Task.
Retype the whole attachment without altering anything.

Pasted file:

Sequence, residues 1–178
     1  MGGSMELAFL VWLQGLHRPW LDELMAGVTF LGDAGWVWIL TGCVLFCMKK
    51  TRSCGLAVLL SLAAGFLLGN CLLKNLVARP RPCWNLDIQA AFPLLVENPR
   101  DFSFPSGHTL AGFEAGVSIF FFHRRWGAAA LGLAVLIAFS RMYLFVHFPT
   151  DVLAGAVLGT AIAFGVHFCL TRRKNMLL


Sequence, residues 1–178
     1  MGGSMELAFL VWLQGLHRPW LDELMAGVTF LGDAGWVWIL TGCVLFCMKK
    51  TRSCGLAVLL SLAAGFLLGN CLLKNLVARP RPCWNLDIQA AFPLLVENPR
   101  DFSFPSGHTL AGFEAGVSIF FFHRRWGAAA LGLAVLIAFS RMYLFVHFPT
   151  DVLAGAVLGT AIAFGVHFCL TRRKNMLL